To that end, we’ve set up a dedicated fundraising page to the campaign to raise $50,000 to name a cabin for Sue. If you are one of those millions who love Sue Grafton and Kinsey Millhone, please consider donating to help us reach the goal of building Sue’s Cabin, not just to honor her memory, but to provide a place for women writers to create their own novels, essays, and poems to inspire generations to come.

Donate here, and thank you for helping make Storyknife a reality for women writers everywhere. Please share with everyone who might want to take part.


One Cabin Left!

As of January 22, 2018, funding has been secured or pledged for five of the six cabins that will comprise the Storyknife Writers Retreat. Each of the cabins will be named for an Alaskan woman of distinction. There is one more cabin that is available for support. Donations in the amount of $50,000 give the funder naming privileges. If you think that you might like to name a cabin after a woman who has made an incredible impact in your life or the lives of others, now would be a good time to contact us!

Last May, the final funds for the main house were secured. Former Alaska Writer Laureate, Peggy Shumaker and her husband Joe Usibelli matched and doubled the donations of one hundred and twelve people. The main house will be named after Homer writer and poet, Eva Saulitis.

In its first two years of operation, Storyknife has been able to offer five women month-long residencies in which to devote their time solely to writing. When the entire residency is built, it will be able to offer at minimum 42 women residencies each year.

We are in the middle of the adjudication for this year’s residencies. There were 97 applications for 3 spaces! Every applicant has hopes and dreams for her writing. How we wish we could award time to all of them. Any help you can give us to cross the finish line at funding the entire infrastructure and building cost would be most joyously welcomed. And thank you again, to all of the people whose generosity has brought us this far!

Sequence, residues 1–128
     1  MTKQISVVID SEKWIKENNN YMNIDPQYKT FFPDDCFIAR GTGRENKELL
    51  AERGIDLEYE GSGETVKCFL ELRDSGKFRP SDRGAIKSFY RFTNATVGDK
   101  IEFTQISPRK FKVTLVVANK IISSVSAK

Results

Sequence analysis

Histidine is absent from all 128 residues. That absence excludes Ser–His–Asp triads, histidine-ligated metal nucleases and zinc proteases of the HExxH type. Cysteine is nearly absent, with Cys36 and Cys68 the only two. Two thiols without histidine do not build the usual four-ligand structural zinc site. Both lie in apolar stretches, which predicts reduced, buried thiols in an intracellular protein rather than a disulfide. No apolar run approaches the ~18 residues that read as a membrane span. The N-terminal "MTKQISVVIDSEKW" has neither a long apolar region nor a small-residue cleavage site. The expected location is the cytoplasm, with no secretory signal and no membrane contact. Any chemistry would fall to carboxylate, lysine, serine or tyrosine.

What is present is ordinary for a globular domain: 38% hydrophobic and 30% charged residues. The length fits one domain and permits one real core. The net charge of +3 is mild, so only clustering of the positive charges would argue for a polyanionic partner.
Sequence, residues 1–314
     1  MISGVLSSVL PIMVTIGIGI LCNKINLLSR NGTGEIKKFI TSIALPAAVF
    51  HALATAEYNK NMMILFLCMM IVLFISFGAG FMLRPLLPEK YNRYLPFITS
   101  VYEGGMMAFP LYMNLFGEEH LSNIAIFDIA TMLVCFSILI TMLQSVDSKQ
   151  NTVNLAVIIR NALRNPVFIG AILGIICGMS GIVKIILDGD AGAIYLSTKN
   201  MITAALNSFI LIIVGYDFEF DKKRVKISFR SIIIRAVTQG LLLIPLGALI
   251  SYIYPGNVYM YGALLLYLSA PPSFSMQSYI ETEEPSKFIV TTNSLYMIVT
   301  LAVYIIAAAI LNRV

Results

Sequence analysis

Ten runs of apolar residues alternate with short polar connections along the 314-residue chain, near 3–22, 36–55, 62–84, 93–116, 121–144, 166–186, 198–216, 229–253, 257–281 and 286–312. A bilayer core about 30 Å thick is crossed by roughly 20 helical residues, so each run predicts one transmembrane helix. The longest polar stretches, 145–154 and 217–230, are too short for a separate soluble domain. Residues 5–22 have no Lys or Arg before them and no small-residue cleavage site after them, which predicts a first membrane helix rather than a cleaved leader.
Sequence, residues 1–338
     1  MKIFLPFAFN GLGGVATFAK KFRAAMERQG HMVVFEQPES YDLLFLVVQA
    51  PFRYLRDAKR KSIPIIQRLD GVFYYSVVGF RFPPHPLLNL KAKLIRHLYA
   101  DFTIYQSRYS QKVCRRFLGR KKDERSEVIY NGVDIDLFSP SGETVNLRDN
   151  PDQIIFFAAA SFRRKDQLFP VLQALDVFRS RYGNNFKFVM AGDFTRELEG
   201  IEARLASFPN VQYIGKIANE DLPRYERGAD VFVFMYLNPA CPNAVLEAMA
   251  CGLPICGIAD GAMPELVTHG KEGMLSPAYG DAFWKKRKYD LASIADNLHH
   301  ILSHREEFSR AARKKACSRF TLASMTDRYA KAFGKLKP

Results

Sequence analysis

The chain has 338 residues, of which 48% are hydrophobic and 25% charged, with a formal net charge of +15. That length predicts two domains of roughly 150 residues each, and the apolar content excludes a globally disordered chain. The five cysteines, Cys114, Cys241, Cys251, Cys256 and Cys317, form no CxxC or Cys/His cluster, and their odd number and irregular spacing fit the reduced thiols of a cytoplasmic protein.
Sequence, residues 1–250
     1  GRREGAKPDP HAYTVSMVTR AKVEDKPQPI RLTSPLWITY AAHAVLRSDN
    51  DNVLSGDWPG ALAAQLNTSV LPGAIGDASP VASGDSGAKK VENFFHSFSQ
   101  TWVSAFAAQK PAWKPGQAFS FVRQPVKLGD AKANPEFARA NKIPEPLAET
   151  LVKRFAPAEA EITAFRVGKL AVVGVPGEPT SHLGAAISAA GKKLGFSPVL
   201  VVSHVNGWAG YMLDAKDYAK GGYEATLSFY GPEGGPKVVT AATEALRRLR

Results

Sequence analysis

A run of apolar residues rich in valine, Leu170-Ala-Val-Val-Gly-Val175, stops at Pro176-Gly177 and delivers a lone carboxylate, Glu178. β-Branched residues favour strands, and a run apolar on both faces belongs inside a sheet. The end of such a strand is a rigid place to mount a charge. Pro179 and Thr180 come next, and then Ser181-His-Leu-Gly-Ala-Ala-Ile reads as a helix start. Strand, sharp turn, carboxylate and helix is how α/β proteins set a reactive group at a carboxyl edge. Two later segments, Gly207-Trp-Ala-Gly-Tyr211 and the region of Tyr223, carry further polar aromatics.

The Storyknife Residency Challenge

tidal_smThis post was written by Ruby Hansen Murray, Storyknife’s September 2017 resident fellow.  All photographs taken by Ruby Hansen Murray. 

A solitary residency can be rough. Going to a new community alone is like throwing yourself into space, something the two eagles across from the post office may have felt, when they fledged on September 1st, the day my husband left me in Homer, Alaska. The Storyknife Residency that Dana Stabenow manifested is a writer’s dream: a month of unfettered time in a cabin that sits on a bluff on the Kenai Peninsula across Cook Inlet from Mt. Illiamna and Mt. Augustine, a Fuji-like cone, renamed by Captain Cook early on.

The cabin outside of town has a redwood deck, a lawn surrounded by a brushy meadow of fireweed turning red in autumn. Grass with beige seed heads, then fir and a scrubby spruce that screens a neighbor’s shingled house. My host’s house contains one square of golden light most evenings. The cabin has a living area with a microwave, a hot plate, a separate bedroom, each about seven feet square with a slant of high ceiling that gives a sense of space. A bookshelf in the living room of clean pine, a quilted wall hanging. The bedside lamp is sweep of green glass; there are pegs for my clothes. It’s simple and sufficient. The Big Dipper rises in the window over the bed.

bagel_smI’ve come to write, and I do. These are the weeks of hurricanes flooding Houston, slamming the Virgin Islands and Puerto Rico, sweeping Florida, and I speak with dear friends who live in that striking environment so unlike this one, but so similarly vulnerable to climate change. I am writing essays about the Osage homeland in the middle of the continent and organizing my novel with an emotional logic. But I’m also curious about the Kenai Peninsula where my husband’s family fished and which was the site of an early oil discovery in Alaska.